Caregiving and your partner
February 9, 2017
Caregiving.com produced a survey showing some of the domestic pressures when faced with this situation which include: physical fatigue, reduced leisure time, emotional stress, financial draws, and loss of privacy. However, some couples surveyed reported a benefit: Their relationship was actually strengthened by the new kind of teamwork which caregiving prompted.
Here are some tips:
Strive for balance. You might feel a sense of debt to a parent, but you should also recognize that your marriage is your future. Try to arrange your caregiving so that your partner does not feel like they are the last priority. Routinely discuss your shared values and how to fit them into your life as a couple.
What makes your partner feel loved? You can probably answer this quite easily: Physical affection? Quality time together? Handling a chore or errand? A love note? A small gift? (HINT: Usually what he or she tends to do for you is a clue) You can build trust and dedication with weekly gestures of love.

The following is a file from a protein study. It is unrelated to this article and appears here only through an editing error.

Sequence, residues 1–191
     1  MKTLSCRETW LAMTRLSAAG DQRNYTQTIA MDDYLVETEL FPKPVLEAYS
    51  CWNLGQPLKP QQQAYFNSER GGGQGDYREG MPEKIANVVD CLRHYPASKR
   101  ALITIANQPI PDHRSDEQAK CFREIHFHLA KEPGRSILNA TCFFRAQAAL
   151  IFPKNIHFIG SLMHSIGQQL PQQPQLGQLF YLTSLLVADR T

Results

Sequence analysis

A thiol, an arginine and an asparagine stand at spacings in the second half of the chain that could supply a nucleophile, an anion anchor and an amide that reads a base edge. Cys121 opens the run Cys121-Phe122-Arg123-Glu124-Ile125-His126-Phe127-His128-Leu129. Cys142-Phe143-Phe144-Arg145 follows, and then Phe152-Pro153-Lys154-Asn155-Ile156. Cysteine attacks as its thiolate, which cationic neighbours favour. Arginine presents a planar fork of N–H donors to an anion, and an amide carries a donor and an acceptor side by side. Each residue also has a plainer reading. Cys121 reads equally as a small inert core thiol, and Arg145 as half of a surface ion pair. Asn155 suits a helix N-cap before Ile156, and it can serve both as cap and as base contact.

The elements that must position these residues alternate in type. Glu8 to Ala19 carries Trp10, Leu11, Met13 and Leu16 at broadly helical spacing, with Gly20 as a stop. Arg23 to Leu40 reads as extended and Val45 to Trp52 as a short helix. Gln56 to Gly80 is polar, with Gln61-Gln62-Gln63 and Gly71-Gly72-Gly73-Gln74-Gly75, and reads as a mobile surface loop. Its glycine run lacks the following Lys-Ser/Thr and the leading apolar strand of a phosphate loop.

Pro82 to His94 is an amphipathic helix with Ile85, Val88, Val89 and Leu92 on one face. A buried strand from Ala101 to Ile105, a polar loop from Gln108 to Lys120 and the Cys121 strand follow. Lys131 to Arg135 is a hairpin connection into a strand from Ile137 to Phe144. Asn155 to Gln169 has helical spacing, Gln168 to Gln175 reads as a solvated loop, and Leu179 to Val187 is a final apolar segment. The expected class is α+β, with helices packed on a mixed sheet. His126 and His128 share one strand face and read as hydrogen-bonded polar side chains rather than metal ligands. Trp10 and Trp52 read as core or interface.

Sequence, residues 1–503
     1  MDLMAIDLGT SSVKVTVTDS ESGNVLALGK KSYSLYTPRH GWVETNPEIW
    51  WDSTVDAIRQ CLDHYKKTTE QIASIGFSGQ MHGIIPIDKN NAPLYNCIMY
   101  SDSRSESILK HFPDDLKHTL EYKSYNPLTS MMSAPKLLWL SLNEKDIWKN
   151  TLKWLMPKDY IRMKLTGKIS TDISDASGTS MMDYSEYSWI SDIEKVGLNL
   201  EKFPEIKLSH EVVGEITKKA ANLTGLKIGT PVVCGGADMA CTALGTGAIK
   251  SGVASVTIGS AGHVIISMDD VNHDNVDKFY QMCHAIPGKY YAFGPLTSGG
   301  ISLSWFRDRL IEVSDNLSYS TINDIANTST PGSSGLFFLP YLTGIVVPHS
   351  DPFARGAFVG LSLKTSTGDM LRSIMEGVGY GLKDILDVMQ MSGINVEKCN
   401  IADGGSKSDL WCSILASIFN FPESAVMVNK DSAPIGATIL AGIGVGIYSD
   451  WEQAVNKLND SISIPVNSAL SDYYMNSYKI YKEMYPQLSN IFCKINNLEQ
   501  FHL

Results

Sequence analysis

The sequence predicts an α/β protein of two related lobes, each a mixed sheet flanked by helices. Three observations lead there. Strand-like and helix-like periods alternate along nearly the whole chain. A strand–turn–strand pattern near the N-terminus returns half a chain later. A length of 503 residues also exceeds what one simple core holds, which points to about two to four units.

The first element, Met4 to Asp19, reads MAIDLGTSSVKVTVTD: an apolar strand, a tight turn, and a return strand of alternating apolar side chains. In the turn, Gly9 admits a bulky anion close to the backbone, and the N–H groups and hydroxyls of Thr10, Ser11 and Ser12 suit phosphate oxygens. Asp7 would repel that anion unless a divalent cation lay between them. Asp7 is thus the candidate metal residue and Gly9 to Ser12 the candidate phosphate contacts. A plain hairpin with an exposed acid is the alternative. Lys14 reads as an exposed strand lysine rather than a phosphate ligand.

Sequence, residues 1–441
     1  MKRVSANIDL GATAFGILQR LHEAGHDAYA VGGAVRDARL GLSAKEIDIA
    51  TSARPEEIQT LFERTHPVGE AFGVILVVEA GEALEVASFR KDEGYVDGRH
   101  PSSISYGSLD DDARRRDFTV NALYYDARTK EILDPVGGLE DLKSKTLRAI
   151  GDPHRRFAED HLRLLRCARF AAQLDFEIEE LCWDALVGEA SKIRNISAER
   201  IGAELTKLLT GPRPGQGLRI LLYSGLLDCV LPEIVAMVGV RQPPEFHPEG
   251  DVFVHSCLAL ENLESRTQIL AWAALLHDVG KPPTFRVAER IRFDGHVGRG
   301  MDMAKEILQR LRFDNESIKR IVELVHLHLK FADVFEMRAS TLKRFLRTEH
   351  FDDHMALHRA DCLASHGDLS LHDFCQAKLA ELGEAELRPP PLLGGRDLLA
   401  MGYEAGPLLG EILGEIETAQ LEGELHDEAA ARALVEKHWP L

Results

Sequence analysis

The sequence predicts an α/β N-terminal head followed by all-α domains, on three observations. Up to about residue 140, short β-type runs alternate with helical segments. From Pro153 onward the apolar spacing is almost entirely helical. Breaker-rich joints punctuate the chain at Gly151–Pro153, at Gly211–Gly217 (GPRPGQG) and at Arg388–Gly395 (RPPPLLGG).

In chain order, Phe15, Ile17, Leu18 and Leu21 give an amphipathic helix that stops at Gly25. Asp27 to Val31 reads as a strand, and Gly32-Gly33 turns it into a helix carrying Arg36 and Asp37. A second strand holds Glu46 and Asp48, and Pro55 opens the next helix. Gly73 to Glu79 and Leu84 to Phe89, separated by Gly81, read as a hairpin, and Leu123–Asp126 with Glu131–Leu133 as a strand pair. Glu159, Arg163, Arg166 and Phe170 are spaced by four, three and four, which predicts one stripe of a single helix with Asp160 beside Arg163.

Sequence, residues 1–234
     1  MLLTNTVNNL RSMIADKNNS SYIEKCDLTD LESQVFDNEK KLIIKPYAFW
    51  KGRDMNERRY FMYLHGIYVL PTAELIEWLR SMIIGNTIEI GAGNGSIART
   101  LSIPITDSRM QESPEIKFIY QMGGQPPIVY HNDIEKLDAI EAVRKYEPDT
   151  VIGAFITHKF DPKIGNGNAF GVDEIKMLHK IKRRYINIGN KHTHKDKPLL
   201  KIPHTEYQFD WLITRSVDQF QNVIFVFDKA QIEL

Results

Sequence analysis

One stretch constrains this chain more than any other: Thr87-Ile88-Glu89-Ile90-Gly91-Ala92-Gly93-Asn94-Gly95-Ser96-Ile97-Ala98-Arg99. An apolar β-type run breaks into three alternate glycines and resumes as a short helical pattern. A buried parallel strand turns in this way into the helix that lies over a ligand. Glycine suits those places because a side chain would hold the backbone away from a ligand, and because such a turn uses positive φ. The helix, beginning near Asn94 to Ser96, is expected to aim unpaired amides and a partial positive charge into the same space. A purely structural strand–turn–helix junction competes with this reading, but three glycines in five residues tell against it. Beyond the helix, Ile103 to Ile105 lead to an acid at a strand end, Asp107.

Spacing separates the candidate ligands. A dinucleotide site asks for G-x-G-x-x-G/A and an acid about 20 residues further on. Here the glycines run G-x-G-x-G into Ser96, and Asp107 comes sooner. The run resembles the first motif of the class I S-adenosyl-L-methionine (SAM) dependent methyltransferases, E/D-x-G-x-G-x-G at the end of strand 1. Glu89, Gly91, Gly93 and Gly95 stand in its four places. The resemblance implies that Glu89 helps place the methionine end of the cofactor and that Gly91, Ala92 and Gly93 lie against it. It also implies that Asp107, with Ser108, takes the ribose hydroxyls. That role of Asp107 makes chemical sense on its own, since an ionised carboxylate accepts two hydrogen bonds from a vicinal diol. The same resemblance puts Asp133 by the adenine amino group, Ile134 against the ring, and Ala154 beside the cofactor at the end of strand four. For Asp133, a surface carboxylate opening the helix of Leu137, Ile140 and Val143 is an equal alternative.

Time together is essential. In many families, there is one adult child who takes on the main caregiver role. If you are the main caregiver, make certain your siblings know that you won’t sacrifice your marriage. You can create time for your relationship by asking your siblings for:
- respite (spending some of their vacation time taking care of mom);
- help with chores (handling the checkbook, keeping the car in good condition);
- financial assistance, so you can hire help.
Have a Plan B
Keep an eye out for signs of distress. If your partner is arguing, overeating, drinking more or coming home later, it’s time for a change. Consider:
- hiring in-home care;
- having your relative live in an assisted living facility;
- moving your relative to live with a different family member.
Have a care manager help look at options and/or talk with your family members about a change in the sharing of the care.